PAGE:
Developing Zebrafish Models to Study the Relationship Between the Gut Microbiome and Autism Susceptibility

Citation data:

Senior Projects Spring 2015

Publication Year:
2015
Usage 432
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Downloads 175
Repository URL:
https://digitalcommons.bard.edu/senproj_s2015/123; http://digitalcommons.bard.edu/cgi/viewcontent.cgi?article=1185&context=senproj_s2015; http://digitalcommons.bard.edu/cgi/viewcontent.cgi?article=1185&context=senproj_s2015
Author(s):
Caffrey, Elisa Benedetti
Publisher(s):
Bard Digital Commons
Tags:
Autism; Zebrafish; Behavioral Testing; Microbiome; Congenital, Hereditary, and Neonatal Diseases and Abnormalities; Medical Education; Medical Immunology; Medical Microbiology; Medical Neurobiology; Neurology; Psychiatric and Mental Health
artifact description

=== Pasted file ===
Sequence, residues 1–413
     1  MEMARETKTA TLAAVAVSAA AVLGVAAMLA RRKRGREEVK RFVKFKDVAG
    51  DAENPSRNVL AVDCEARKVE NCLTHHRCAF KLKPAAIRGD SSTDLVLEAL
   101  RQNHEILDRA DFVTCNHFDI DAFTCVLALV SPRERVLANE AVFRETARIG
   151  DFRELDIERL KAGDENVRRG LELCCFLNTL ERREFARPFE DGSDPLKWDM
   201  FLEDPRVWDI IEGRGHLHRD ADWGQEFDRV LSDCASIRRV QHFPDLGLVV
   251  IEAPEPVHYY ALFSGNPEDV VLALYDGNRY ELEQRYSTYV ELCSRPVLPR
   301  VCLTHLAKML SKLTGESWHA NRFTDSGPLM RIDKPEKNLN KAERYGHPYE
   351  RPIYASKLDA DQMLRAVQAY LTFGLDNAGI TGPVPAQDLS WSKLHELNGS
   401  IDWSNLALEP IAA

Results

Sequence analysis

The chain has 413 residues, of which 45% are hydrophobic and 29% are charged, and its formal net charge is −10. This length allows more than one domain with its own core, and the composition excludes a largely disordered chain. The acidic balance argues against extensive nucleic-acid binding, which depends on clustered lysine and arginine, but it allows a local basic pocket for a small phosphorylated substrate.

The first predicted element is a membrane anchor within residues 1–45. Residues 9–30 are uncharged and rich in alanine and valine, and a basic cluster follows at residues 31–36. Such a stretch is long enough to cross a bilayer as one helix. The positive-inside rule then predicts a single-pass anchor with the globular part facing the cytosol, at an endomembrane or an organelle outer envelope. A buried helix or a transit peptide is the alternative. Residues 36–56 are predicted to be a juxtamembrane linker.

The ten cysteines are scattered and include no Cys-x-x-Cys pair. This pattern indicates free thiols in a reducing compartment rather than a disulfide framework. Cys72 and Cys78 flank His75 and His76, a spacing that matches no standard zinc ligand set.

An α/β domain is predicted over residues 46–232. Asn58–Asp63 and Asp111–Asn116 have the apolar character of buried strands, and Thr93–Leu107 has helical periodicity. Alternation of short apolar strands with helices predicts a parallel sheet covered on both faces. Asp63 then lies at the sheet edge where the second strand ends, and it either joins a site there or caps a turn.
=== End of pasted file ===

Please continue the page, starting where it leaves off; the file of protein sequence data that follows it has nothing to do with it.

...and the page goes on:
Autism Spectrum Disorder (ASD) describes a range of neurodevelopmental disorders affecting 1 in 68 children in the United States (CDC 2014). ASD patients typically exhibit plasma hyperserotonemia and brain hyposerotonemia, indicating the serotonergic system plays a role in the autism phenotype. Serotonin is highly regulated by the gut microbiome and there is a specific signature in organism abundance in the gut microbiome of ASD patients. Zebrafish are an inexpensive vertebrate model system that develop rapidly and have a well-studied gut microbiome. To study the relationship between the gut microbiome and autism susceptibility, I derived germ-free (GF) zebrafish and created an autism-like zebrafish model using valproic acid (VPA), a common pharmaceutical used to induce autism in other model organisms. GF zebrafish displayed behavior consistent with a decrease in anxiety and a dysregulation in serotonin levels. VPA exposed zebrafish larvae displayed behavior consistent with an increase in anxiety, along with a dysregulation of serotonin levels. This study supports zebrafish as a model for ASD susceptibility, and allows for the creation of a gnotobiotic model to study the effects of species-specific abundance on the ASD phenotype and the impact of the gut microbiome on the serotonergic system, with implications for potential ASD treatment.